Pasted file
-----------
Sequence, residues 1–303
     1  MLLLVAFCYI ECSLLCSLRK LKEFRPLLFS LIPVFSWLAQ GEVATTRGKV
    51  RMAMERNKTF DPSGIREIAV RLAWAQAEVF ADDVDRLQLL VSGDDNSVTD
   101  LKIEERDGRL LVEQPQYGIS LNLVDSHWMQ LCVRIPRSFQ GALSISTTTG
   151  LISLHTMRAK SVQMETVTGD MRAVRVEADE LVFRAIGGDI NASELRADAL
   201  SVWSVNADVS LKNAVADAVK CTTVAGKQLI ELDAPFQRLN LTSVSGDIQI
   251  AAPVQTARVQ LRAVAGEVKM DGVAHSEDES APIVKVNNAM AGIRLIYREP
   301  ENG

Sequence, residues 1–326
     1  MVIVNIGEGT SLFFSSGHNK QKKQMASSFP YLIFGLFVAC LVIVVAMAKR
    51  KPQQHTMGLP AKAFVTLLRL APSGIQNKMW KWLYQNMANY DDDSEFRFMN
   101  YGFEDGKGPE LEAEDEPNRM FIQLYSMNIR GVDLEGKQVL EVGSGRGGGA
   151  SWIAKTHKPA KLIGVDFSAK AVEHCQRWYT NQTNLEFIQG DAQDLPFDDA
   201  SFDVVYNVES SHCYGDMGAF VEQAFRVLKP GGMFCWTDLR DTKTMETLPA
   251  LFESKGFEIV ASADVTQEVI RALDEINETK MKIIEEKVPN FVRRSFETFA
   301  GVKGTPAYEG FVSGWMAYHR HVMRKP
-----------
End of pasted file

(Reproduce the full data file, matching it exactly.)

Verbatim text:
Sequence, residues 1–303
     1  MLLLVAFCYI ECSLLCSLRK LKEFRPLLFS LIPVFSWLAQ GEVATTRGKV
    51  RMAMERNKTF DPSGIREIAV RLAWAQAEVF ADDVDRLQLL VSGDDNSVTD
   101  LKIEERDGRL LVEQPQYGIS LNLVDSHWMQ LCVRIPRSFQ GALSISTTTG
   151  LISLHTMRAK SVQMETVTGD MRAVRVEADE LVFRAIGGDI NASELRADAL
   201  SVWSVNADVS LKNAVADAVK CTTVAGKQLI ELDAPFQRLN LTSVSGDIQI
   251  AAPVQTARVQ LRAVAGEVKM DGVAHSEDES APIVKVNNAM AGIRLIYREP
   301  ENG

Sequence, residues 1–326
     1  MVIVNIGEGT SLFFSSGHNK QKKQMASSFP YLIFGLFVAC LVIVVAMAKR
    51  KPQQHTMGLP AKAFVTLLRL APSGIQNKMW KWLYQNMANY DDDSEFRFMN
   101  YGFEDGKGPE LEAEDEPNRM FIQLYSMNIR GVDLEGKQVL EVGSGRGGGA
   151  SWIAKTHKPA KLIGVDFSAK AVEHCQRWYT NQTNLEFIQG DAQDLPFDDA
   201  SFDVVYNVES SHCYGDMGAF VEQAFRVLKP GGMFCWTDLR DTKTMETLPA
   251  LFESKGFEIV ASADVTQEVI RALDEINETK MKIIEEKVPN FVRRSFETFA
   301  GVKGTPAYEG FVSGWMAYHR HVMRKP